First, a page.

Biography charts rise of personal, political Koch empire

By Elaine K. Alexander, Special to the Light

The Koch (pronounced “coke”) brothers surfaced along with the Tea Party as the moneyed leviathan bankrolling  this supposed citizens’ corps – and its (ironic) irritation with big government. Since then, Charles and David Koch, longtime libertarians tied at sixth place for richest person on the planet with a combined net worth of $100 billion, have been afloat in a sea of muckraking – including two documentary films, “Koch Brothers Exposed” and “Citizen Koch” – concerned with the power of supersize corporate cash to swallow up political opposition.

For instance, in 2010, The New Yorker quoted Charles Lewis, founder of a nonpartisan watchdog group Center for Public Integrity, who said about the Kochs: “There’s no one else who has spent this much money. The sheer dimension of it is what sets them apart [along with] a pattern of lawbreaking, political manipulation and obfuscation.”

“Sons of Wichita: How the Koch Brothers Became America’s Most Powerful and Private Dynasty” caps two years of research by author Daniel Schulman, a senior editor for Mother Jones and a founding member of the magazine’s cadre of investigative journalists. Given the author’s credentials and the reigning indignation in liberal circles, Schulman’s book might have been a 408-page diatribe. But the author surprises with a cool-headed biography of the entire Koch family, which includes the late parents, Frederick “Fred” Sr. and Mary, and the two other brothers, Frederick Jr. and Bill – respectively, the artistic eldest son and David’s flamboyant fraternal twin.

The Kochs’ inexhaustible wellspring has been Koch Industries, founded by Fred Sr., a Texan with modest roots who trained as an engineer at MIT (where Charles, David and Bill also received advanced engineering degrees). The  business began with operations in oil, cattle, chemicals and timber. Since Fred’s death, it has inflated to a private enterprise second in size nationally only to the Minneapolis-based agribusiness Cargill.


Koch Industries – called “the biggest business you’ve never heard of” by David – employs 100,000 people, operates in 60 countries and has annual revenues of $115 billion. Unfortunately, the success of Koch Industries has not been without cost: huge environmental disasters and loss of life due to shoddy business practices.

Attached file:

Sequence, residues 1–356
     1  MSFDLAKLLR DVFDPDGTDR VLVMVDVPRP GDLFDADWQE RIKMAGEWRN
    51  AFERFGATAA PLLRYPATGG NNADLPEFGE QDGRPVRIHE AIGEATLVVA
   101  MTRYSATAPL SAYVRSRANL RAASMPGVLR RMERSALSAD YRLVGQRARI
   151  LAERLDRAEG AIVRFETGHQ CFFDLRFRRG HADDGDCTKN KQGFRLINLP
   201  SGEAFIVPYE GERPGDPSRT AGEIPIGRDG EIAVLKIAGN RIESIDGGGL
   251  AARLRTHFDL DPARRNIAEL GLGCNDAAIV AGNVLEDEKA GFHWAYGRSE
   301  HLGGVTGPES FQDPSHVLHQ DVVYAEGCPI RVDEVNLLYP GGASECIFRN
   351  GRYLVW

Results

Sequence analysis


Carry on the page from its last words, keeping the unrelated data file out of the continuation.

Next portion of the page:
After years of litigation, Frederick and Bill separated their fortunes from Koch Industries. Subsequently, Frederick has crafted a reclusive life as an arts patron and collector of historic properties restored or renovated by him to dazzling standards. Bill, known for “messy romantic entanglements” and for winning the 1992 America’s Cup, has amassed a personal fortune ranked No. 329 on the roster of global billionaires.

Meanwhile, Charles (based in Wichita, Kansas) and David (based in New York City), have expanded Koch into a behemoth whose products outfit American life as we know it, with “gas for our cars,” “steak for our forks,” natural gas, Brawny paper towels, Dixie paper cups, Stainmaster carpeting, Lycra fabrics, drywall, window panes, fertilizer and more. 

Equally stunning is how Charles and David, and the captains of industry they draw to upscale resort conferences, have invested hundreds of millions of dollars to create a hidden but elaborate network in service to their libertarian political and economic vision.

“Sons of Wichita” includes colorful details of courtship, marriage, tragic feuds, industrial espionage, red carpet dresses, menus at parties and galas, a private resort styled like an Old West town and the many other properties and extravagant homes (like the former Manhattan apartment of Jacqueline Kennedy Onassis) that a river of money can buy. 

Daniel Schulman’s book is recommended as an engaging, empathic and leisurely narrative of how Charles and David Koch came to be emperors of their two kingdoms: corporate and political.